AMD to Partners: Produce your Own-Designed High-End products

ATI, a division of AMD that develops graphics processing units (GPUs) and core-logic sets, is expected to allow graphics boards makers to design and produce certain high-end graphics boards on their own manufacturing facilities. The move is likely to make AMD's graphics chips more popular among manufacturers and consequently end-users.

For several years now both ATI Technologies and Nvidia Corp. did not sell chips for high-end boards to its partners, but supplied graphics cards already made under GPU developer's supervision by a contract manufacturer. While such business model ensures that end-users get quality high-end graphics adapters, this reduces choice and competitive advantages add-in card manufactures may offer to their customers. According to a news-story by HKEPC web-site, AMD has decided to allow manufacturers of graphics boards to produce Radeon X1950 XT graphics cards using their own design and manufacturing capacities. The Radeon X1950 XTX boards will still be made under supervision of ATI.

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News source: Xbit Labs

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Quote - ANova said @ #1.1
Negative. It will only cause more problems.

It won't be that bad. Custom midrange cards produced by manufacturers have often performed better than the reference designs. Now they'll be able to push the high-end a little further as well.

I agree, this is compromising brand quality and credibility. Yay for outsourcing, great for business not so great for consumers.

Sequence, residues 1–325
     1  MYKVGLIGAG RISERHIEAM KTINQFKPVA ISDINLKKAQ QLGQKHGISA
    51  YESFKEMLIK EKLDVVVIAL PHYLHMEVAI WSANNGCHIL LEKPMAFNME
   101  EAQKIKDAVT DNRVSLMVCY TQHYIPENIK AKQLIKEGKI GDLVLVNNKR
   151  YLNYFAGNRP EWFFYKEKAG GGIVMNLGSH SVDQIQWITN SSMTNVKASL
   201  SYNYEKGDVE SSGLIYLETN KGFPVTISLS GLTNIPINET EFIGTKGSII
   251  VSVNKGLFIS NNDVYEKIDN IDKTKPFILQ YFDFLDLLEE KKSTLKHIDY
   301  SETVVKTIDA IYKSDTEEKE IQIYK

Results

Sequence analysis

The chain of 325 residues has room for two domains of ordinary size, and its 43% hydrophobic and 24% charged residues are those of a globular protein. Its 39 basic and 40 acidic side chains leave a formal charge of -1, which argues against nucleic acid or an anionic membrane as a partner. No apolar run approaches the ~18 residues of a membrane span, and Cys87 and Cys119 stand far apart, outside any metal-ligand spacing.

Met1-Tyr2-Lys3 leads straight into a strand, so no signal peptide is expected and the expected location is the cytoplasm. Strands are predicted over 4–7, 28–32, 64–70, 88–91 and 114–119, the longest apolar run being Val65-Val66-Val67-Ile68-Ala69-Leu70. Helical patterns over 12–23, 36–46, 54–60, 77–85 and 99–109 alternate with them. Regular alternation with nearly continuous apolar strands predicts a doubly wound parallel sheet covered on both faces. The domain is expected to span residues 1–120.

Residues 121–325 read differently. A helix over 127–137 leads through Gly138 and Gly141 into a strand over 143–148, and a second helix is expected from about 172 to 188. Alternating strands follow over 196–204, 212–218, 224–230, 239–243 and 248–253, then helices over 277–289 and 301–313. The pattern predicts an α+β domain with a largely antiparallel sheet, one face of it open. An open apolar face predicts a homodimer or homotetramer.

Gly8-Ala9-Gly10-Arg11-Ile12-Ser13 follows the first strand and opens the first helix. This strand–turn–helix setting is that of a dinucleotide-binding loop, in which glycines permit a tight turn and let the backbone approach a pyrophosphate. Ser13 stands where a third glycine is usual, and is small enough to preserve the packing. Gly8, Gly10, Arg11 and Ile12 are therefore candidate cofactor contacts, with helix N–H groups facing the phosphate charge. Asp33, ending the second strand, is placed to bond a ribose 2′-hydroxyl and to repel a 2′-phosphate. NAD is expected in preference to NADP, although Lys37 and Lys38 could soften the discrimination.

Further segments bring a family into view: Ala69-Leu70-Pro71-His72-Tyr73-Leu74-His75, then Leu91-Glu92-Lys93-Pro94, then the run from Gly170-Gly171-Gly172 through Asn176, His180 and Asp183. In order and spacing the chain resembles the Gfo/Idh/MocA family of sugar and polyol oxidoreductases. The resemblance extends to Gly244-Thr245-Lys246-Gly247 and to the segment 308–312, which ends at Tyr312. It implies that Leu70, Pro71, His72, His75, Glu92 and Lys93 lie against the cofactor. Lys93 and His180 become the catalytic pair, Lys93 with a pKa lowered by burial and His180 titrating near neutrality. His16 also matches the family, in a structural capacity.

Quote - GOJI_GKing2000 said @ #2.1
Yay for outsourcing, great for business not so great for consumers.

thats an over-generalization. it all depends on what company the work is being outsourced to. yeah you'll get some crap work from some places. but take south korea for example: korean workers arent as demanding as american workers, yet they produce just as good if not a better product.

Quote - GOJI_GKing2000 said @ #2.1
I agree, this is compromising brand quality and credibility. Yay for outsourcing, great for business not so great for consumers.

The problem though is that with the high-end parts, there is almost zero product differentiation. AFAICT, the only difference between 8800GTX cards right now is the picture on the heatsink and box, what shovelware comes in the box, and what sort of warranty they offer. As a result, if I wanted an 8800GTX, I'd be very predisposed to buying on price.

With lower-end cards, you see a lot more variety. When I bought a 7600GS, several companies offered essentially identical 7600GS cards-- 400/800 clock, large flat black heatsink, or 400/800 clock, small fan. Gigabyte differentiated their product, with a 450/800 clock and a heatpipe-based cooler-- and won my purchase-- even though cheaper cards existed.

Other possibly interesting markets include low-profile cards for the HTPC market, cards with different combinations of outputs than 2xDVI and a TV-out (maybe even semi-custom small-market cards that drive unusual fixed-frequency monitors), cards with factory-installed watercooling or waterblocks, custom, many-slot coolers (if you can sacrifice 3 slots, you can probably do a lot better than if you can only occupy one), externally-powered cards (honestly, I doubt even my decent-brand 500w PSU would be thrilled if I plunked a 8800 in, let alone two), cards with the chips on the back so they can take a draft from the case exhaust, or custom multi-GPU solutions (I'd like to see a card with a seperate low-end GPU on board and leaving the high-end heat-belcher powered completely off when at the desktop)

It all depends on if they continue to make their own drivers... the hardware might change, but ATI must keep a commitment to catalyst driver support.

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